Water quality issues
Clarks Creek flows year-round out of Maplewood Springs. Its tributaries flow primarily in the wet season. Clarks Creek is a salmon-bearing stream supporting chinook, coho, and chum salmon, steelhead, and cutthroat trout.
Low dissolved oxygen levels, excess fine sediment and sand, and the overgrowth of elodea (Elodea nuttalii) create conditions in Clarks Creek that harm fish and their supporting habitat.
Also, Clarks Creek and its tributaries do not meet water quality standards for fecal coliform.
What we have done
We worked with a stakeholder group to develop a TMDL (water cleanup plan). The group was comprised of local residents and staff from Pierce County, City of Puyallup, Washington State University Puyallup, Washington State Department of Transportation, Puyallup Tribe of Indians, and the U.S. Environmental Protection Agency.
We held a formal public comment process on the draft TMDL. After addressing public comments, we submitted the plan to EPA for review. In May 2015, EPA approved the Clarks Creek Dissolved Oxygen and Sediment Total Maximum Daily Load Water Quality Improvement Report and Implementation Plan (WQIR-IP).
The Clarks Creek Water Quality Improvement Plan assigns the amount of pollution the creek can receive and still meet water quality standards. Any additional pollution needs to be reduced by an equivalent amount or eliminated to achieve clean water.
The plan lays out a framework for how stakeholders will track, monitor, and implement the water cleanup plan. It outlines what must be done, establishes a schedule, and guides corrective actions with adaptive management practices.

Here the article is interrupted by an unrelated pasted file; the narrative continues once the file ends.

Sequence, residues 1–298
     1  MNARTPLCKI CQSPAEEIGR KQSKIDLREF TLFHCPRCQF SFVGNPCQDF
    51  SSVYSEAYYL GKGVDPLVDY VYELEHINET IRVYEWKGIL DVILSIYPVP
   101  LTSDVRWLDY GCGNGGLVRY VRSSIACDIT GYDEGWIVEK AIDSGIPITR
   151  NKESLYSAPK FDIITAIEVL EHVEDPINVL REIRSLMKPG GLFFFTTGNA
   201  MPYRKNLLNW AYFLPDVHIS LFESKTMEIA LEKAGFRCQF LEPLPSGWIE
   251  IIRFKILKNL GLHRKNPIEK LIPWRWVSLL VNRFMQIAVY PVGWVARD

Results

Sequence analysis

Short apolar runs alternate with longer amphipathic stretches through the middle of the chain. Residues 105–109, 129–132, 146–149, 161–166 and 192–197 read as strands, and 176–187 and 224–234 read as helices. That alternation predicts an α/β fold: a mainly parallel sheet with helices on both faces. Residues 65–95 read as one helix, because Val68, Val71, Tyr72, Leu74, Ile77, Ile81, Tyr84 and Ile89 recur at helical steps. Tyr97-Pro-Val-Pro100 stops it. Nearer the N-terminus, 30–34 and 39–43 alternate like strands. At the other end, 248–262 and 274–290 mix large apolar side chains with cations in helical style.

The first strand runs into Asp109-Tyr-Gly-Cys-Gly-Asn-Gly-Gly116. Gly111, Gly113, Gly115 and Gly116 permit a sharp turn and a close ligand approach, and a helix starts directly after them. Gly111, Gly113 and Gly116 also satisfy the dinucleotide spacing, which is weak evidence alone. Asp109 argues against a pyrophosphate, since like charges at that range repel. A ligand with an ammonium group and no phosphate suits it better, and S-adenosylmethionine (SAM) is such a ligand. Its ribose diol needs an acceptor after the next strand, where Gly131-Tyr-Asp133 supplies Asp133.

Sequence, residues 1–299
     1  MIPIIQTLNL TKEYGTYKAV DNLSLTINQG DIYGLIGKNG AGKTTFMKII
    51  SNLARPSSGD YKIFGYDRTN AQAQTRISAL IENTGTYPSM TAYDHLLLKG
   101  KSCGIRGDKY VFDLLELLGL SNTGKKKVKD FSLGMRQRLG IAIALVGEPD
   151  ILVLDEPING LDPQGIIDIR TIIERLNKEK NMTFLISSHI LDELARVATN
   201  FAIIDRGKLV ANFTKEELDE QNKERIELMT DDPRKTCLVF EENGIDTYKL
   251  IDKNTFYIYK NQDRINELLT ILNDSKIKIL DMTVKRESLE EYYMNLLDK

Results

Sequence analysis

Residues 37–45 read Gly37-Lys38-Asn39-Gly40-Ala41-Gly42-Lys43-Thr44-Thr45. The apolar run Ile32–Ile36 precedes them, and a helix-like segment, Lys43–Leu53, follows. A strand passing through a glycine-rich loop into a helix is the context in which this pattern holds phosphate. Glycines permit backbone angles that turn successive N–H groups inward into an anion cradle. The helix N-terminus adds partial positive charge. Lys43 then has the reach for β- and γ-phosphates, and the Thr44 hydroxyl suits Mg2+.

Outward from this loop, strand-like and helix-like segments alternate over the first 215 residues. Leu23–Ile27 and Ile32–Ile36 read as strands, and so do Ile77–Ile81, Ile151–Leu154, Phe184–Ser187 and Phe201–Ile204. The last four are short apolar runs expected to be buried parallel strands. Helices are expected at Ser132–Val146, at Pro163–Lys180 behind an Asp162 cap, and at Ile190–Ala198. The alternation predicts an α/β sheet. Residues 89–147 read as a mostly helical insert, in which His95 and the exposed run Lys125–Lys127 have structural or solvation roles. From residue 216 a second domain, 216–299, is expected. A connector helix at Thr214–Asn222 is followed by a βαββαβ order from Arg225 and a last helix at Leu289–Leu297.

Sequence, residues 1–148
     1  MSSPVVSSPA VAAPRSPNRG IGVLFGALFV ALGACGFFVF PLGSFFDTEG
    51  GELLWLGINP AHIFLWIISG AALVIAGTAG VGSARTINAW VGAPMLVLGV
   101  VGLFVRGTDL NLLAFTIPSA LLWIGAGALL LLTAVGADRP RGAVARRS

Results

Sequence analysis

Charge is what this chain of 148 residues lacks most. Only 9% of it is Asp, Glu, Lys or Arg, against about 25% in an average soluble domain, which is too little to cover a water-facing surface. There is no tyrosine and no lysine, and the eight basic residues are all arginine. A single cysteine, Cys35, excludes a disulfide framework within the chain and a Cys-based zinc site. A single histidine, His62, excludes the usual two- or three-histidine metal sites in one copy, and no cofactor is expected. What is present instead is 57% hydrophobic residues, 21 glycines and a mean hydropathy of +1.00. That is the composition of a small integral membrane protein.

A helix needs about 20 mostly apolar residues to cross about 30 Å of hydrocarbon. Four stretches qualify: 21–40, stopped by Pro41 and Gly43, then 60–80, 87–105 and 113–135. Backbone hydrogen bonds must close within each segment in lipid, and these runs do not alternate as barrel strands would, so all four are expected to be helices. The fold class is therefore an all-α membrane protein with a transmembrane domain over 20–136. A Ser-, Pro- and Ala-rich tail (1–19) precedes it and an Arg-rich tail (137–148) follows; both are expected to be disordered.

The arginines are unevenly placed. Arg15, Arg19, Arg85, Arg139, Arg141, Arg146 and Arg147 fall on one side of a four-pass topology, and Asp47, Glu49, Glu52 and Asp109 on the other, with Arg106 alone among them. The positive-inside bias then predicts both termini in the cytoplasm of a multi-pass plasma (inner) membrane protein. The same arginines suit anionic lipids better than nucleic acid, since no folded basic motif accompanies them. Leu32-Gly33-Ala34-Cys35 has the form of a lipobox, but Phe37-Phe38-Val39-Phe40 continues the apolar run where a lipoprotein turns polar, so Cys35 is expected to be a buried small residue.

Status of the project
We are working with local communities to implement the TMDL. The pollution reductions should be achieved by 2035.
Why this matters
Fish and other aquatic life need oxygen dissolved in healthy water to “breathe” in order to survive. It is more difficult to transfer oxygen from water to blood than it is to transfer oxygen from air to blood. Therefore, it is critical that water contain an adequate amount of oxygen for this transfer to take place efficiently and sustain aquatic life. Oxygen is also necessary to help decompose organic matter in the water and bottom sediments, as well as for other biological and chemical processes.
Excess sediment loading contributes in a variety of ways to the dissolved oxygen problems in Clarks Creek. Sediment accumulation is an important factor in promoting dense growths of elodea that adversely impact dissolved oxygen concentrations. Elodea growth in turn slows flows in the creek, which worsens the problem of sediment accumulation and leads to flooding problems. Sediment loads may also contain elevated nutrient concentrations that promote plant and bacterial growth. Sediment can be improved by controlling stormwater runoff and by adding or maintaining vegetation on stream banks.